The two underlined phrases “on foot” and “over game trails” are significant.
Until fairly recent times all Indians traveled on foot. In “foreign territory”, traveling in canoes on the rivers made a raiding party conspicuous, even from a distance, not to speak of the difficulty of portaging canoes. War parties might follow the beds of streams to obliterate their tracks, but generally a party walked in single file. Even in unknown country, the Indian could nearly always find a beaten path. In wooded areas they always chose the easiest path, avoiding rough or stony ground because it quickly wore away their moccasins. If possible they chose high ground where the soil dried quickly, the underbrush was sparse, and the streams fewer and shallower to cross. On the other hand, in mountains they followed the lowest points or gaps. The mountain passes were known to Indians for centuries before the white man “discovered” them.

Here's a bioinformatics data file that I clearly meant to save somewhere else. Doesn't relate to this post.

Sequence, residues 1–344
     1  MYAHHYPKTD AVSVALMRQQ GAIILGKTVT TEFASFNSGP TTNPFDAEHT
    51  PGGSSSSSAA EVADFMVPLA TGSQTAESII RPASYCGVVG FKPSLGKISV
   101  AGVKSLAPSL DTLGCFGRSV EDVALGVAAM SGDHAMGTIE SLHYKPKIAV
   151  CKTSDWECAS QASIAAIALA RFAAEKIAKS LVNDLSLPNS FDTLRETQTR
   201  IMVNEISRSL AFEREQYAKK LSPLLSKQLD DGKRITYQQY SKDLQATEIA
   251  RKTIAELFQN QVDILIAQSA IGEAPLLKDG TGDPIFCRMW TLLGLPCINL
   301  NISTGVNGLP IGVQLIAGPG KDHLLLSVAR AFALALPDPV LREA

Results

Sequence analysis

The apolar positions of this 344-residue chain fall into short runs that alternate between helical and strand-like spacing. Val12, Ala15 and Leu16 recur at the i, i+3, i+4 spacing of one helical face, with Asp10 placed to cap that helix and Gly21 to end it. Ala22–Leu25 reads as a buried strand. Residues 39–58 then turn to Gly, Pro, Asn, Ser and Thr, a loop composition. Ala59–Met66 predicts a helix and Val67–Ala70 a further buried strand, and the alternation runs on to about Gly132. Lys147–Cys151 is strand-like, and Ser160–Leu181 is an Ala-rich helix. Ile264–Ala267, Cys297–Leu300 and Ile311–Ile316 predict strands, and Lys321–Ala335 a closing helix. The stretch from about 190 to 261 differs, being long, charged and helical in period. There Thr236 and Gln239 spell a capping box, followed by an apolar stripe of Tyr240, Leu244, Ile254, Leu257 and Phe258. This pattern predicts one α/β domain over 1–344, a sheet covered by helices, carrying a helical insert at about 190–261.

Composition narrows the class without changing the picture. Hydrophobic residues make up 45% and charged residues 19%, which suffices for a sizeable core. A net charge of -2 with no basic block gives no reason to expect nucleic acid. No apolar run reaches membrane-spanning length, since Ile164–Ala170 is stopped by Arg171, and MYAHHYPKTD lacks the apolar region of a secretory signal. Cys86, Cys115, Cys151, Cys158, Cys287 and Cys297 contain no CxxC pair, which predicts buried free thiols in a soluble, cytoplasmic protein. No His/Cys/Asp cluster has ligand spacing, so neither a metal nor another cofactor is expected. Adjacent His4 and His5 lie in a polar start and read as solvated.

“Game trails” were there long before the Indians trod them. Waterholes, good feeding places and salt licks would draw animals from both directions. Not only did they provide clues to the best spots to secure game, but the animals made hard-beaten paths, with probably eighteen inches clearance – the width of the animal’s body. The best path from each stopping place was easy for scouts to select. Where one trail ended, another began. The men – and especially the women under their heavy loads – simply wore them deeper, but not any wider until packhorses needed more clearance. Then the white men widened the trails. “The constant use of these paths or trails year after year and generation after generation so packed the soil that in places such as hillsides, they are still traceable by depressions in the ground or by the absence of, or the difference in, vegetation. Old maps and records reveal that many of these paths extended with few breaks practically the length and breadth of the continent. …In some places the trails became well-marked highways often being depressed two feet below the surface. Many of these old trails are still faintly visible on hills or in coulees leading down to watercourses, especially to good crossing places. The ferry crossings of the white man’s day were located on old Indian trails – at Smith, Peace River, Watino, Dunvegan, Taylor, East Pine, etc. Later, the railways generally followed the old trails although with more attention to elevation changes.